All this segregation stuff happened before I was born, so I don’t really feel like I share any responsibility for it.  I don’t feel like a racist, but if I’m being honest with myself, I have to acknowledge that I still think of black people differently on some level.  It’s not that I think less of them, it’s that I fear that they think less of me.  I am all too aware that I represent the category of people who systematically abused their category of people, and sometimes still does.  Cops don’t beat white people like they beat Rodney King.  In Los Angeles, they beat people like that all the time, but not white people.   Driving While Black is not an imaginary phenomenon.   I’m all too aware of the unconscionable injustice of it all.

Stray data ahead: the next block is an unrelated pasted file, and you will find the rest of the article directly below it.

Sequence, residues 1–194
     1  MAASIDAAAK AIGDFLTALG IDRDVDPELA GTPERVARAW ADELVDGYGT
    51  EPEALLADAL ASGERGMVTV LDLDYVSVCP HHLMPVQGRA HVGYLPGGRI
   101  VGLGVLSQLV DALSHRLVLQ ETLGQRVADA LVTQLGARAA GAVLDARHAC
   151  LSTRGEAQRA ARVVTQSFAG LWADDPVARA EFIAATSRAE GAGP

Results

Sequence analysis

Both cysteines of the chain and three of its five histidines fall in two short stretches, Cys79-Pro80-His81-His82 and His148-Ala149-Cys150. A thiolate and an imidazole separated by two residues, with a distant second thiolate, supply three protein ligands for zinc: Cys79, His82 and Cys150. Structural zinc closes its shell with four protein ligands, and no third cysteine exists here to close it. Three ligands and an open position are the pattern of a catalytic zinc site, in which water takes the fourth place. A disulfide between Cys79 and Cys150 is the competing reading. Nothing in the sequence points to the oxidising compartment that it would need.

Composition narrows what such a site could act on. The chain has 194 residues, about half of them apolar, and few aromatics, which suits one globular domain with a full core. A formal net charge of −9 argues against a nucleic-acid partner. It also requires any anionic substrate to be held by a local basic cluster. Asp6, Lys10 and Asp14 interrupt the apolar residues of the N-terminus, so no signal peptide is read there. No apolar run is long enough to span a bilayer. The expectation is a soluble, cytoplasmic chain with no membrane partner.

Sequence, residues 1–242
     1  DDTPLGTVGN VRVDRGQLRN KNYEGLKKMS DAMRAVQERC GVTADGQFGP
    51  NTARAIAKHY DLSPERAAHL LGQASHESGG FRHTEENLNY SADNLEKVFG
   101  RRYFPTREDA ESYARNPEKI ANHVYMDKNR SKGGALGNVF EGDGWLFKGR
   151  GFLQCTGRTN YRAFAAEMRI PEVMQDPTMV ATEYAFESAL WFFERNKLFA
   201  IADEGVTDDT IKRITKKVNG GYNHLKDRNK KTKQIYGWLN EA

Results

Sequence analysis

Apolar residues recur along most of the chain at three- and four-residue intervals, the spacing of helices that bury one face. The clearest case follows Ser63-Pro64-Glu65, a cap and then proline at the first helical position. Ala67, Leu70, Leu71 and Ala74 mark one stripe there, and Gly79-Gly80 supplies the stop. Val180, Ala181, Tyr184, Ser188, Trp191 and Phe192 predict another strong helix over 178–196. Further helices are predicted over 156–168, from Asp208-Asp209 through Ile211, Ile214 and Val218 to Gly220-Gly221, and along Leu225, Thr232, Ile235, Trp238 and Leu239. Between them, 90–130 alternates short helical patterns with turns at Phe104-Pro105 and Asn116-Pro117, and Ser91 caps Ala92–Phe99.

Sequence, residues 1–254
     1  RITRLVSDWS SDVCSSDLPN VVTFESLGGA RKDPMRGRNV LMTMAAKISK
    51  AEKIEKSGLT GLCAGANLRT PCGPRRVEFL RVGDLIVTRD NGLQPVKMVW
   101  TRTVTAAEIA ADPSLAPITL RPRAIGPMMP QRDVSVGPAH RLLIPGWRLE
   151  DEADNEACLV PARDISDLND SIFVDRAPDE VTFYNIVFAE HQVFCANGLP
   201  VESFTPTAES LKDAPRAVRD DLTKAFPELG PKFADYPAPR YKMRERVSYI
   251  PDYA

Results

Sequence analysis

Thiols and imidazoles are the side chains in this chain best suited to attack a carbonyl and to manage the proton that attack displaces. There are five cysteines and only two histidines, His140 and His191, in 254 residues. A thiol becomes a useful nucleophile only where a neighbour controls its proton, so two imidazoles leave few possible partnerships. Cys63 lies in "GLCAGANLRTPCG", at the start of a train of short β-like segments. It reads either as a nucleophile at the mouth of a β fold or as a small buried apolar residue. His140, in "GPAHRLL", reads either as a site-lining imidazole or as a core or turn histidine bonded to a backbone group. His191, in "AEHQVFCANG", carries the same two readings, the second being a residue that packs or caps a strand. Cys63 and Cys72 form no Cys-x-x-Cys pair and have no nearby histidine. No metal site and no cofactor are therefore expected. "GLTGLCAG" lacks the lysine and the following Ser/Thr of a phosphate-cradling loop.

When I encounter a new black person, which happens quite often(EEK!  They’re everywhere!), a part of me is subconsciously afraid that they will be suspicious of my motives.  I’m slightly more self conscious.  I feel as if I might be inspected with a suspicious eye for indicators of racist beliefs.   I feel a little bit uncomfortable if I even acknowledge someone’s “blackness” in a conversation.  It’s as if I’m alluding to something that shouldn’t matter, but we both know sometimes does.  I feel a teeny twinge of discomfort when I say it.  I want it to be as meaningless as mentioning someone’s hair color, while tacitly acknowledging the hidden undercurrent that unfortunately exists, doing it in a manner that conveys my contempt for said undercurrents, proceeding to feeling ridiculous for even giving a shit about it at all.  There’s that little hitch in there where it all happens.  It’s over in a flash, but that doesn’t mean it wasn’t there.  It’s not that we really think of ourselves as fundamentally different, we’re just in different, yet completely arbitrary categories, separated by a whole lot of bad history that neither one of us really wants to talk about.  I sort of feel between between two generations.  It’s far enough away that I don’t at all feel responsible for it, but close enough that I still feel a little creeped out by the fact that people really still believe that shit, and worry that I could accidentally be mistaken for one of them.